Dubowitz, H., Prescott, L., Feigelman, S., Lane, W., & Kim, J. (2008). Screening for intimate partner violence in a pediatric primary care clinic. Pediatrics, 121(1), e85-91. https://doi.org/10.1542/peds.2007-0904
Dubowitz H, et al. Screening for Intimate Partner Violence in a Pediatric Primary Care Clinic. Pediatrics. 2008;121(1):e85-91. PubMed PMID: 18166548.
* Article titles in AMA citation format should be in sentence-case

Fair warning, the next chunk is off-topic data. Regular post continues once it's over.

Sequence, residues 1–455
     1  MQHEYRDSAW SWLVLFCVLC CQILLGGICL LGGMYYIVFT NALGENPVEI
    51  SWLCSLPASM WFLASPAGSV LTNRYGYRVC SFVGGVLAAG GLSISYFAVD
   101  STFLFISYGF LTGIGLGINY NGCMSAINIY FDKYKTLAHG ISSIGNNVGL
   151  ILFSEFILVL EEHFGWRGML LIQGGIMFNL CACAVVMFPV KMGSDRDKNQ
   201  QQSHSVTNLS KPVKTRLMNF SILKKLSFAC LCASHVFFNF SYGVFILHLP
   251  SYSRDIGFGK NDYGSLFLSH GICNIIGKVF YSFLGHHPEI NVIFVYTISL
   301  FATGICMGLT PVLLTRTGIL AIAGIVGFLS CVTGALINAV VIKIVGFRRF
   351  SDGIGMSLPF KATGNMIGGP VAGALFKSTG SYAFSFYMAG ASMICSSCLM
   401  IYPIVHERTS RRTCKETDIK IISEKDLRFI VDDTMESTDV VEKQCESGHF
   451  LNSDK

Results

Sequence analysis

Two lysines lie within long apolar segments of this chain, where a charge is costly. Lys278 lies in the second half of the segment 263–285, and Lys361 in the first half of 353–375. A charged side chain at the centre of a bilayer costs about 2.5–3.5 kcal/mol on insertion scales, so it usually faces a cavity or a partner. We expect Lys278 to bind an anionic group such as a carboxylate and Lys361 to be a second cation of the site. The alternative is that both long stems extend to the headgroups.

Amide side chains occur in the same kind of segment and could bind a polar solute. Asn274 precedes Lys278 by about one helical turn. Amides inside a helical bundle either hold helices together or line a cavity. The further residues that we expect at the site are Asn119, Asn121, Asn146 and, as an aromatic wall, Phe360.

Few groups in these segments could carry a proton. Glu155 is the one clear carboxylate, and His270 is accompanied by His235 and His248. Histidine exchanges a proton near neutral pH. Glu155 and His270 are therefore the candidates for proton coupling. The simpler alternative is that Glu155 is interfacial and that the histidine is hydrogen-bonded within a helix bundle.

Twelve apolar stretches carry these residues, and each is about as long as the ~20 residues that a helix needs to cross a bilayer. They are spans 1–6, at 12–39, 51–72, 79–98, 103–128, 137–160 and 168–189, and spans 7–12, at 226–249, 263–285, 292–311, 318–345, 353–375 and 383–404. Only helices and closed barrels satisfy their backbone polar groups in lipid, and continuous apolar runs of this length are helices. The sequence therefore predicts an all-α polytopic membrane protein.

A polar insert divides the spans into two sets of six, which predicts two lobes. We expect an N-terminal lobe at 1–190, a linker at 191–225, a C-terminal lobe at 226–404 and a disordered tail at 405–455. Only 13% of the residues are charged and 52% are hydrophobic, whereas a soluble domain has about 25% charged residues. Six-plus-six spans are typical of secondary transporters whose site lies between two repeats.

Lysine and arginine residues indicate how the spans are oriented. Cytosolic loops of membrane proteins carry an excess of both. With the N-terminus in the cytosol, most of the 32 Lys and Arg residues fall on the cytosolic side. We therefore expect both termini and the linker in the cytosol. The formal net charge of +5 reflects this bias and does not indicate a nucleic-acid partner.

TY - JOUR T1 - Screening for intimate partner violence in a pediatric primary care clinic. AU - Dubowitz,Howard, AU - Prescott,Leslie, AU - Feigelman,Susan, AU - Lane,Wendy, AU - Kim,Jeongeun, PY - 2008/1/2/pubmed PY - 2008/2/6/medline PY - 2008/1/2/entrez SP - e85 EP - 91 JF - Pediatrics JO - Pediatrics VL - 121 IS - 1 N2 - OBJECTIVES: To estimate the prevalence of intimate partner violence among parents at a pediatric primary care clinic and to evaluate the stability, sensitivity, specificity, positive and negative predictive values, and likelihood ratios of a very brief screen for intimate partner violence. METHODS: A total of 200 parents (mostly mothers) bringing in children less than 6 years of age for child health supervision completed the Parent Screening Questionnaire in a primary care clinic. The Parent Screening Questionnaire, a brief screen for psychosocial problems developed for the study, includes 3 questions on intimate partner violence. Mothers then completed the computerized study protocol within 2 months. This included the Parent Screening Questionnaire as well as the Revised Conflict Tactics Scale. Different combinations of the intimate partner violence questions were evaluated against the Revised Conflict Tactics Scale. RESULTS: A total of 12.0% of the mothers answered "yes" to at least one of the screening questions. On the standardized Revised Conflict Tactics Scale, responses ranged from 9% reporting a physical injury in the past year to 76% reporting psychological aggression. There was moderate stability of the screening questions. A single question, "Have you ever been in a relationship in which you were physically hurt or threatened by a partner?" in relation to the "physically injured" Revised Conflict Tactics Scale subscale was most effective. Sensitivity was 29%, specificity was 92%, positive predictive value was 41%, and negative predictive value was 88%. The positive likelihood ratio was 3.8, and the negative likelihood ratio was 0.77. CONCLUSIONS: Intimate partner violence is a prevalent problem. A very brief screen can reasonably identify some mothers who could benefit from additional evaluation and possible services. Additional research is needed to find a more sensitive screen and to examine whether identifying intimate partner violence leads to interventions that benefit mothers, families, and children. SN - 1098-4275 UR - https://www.unboundmedicine.com/medline/citation/18166548/Screening_for_intimate_partner_violence_in_a_pediatric_primary_care_clinic_ L2 - http://pediatrics.aappublications.org/cgi/pmidlookup?view=long&pmid=18166548 DB - PRIME DP - Unbound Medicine ER -